Groome et al.
October 1991 Am J Ouslet G ynecol
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Fig. 1. Fetal bladder volume (FEV) in milliliters as a function of time (in minutes) for single fetus. Circl~s denote clinical measurements and solid line is least-squares best fit; slope of this line is rate of fetal urine production (HFUPR) (in milliliters per minute).
Fig. 2. Hourly fetal urine production rate (HFUPR) for three different outcomes: no fetal distress (open circles), fetal distress responsive to intrauterine resuscitation (half solid circles), and cesarean section because of fetal distress (solid circles).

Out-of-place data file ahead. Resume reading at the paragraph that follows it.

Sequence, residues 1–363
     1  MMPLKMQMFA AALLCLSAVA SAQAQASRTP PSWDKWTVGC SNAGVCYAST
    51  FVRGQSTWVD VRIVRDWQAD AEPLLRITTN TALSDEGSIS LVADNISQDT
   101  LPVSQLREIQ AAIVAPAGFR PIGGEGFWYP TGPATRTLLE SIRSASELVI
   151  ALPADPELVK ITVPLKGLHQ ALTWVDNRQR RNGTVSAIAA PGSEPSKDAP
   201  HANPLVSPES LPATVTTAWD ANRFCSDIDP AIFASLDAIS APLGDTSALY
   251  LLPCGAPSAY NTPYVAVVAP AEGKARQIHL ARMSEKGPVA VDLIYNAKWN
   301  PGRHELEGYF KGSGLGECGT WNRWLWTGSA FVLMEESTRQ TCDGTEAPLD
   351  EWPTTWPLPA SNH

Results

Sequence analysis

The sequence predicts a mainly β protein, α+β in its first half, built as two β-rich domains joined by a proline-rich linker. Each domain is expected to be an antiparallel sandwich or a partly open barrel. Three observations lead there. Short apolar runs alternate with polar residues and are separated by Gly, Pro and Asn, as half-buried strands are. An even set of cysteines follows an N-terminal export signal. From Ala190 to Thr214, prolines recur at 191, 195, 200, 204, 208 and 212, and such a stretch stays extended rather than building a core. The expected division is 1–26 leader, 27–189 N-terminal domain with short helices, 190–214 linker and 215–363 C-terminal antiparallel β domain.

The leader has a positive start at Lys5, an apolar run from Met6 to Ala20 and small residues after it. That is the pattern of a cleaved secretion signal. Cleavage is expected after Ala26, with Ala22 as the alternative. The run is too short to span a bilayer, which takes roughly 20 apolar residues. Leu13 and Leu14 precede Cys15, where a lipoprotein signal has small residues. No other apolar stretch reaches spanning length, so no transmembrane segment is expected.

enced technicians in the Ultrasound Laboratory at the University of Alabama at Birmingham. AGE RT-3000 is used for all obstetric scans. In this study, which was approved by the institutional review board, diagnosis of oligohydramnios was based on the visual qualitative estimate of amniotic fluid volume, which was assessed by an experienced ultrasonography technician. When patients with oligohydramnios were identified , the semi-quantitative method originally described byPheIan et al." was performed and the amniotic fluid index measured was recorded in the computerized data base. This information was not made available for decisions regarding management of patients. Patients with qualitative oligohydramnios were recruited for this study on ly if the amniotic fluid index was also ~8 cm. Exclusion criteria included estimated gestational age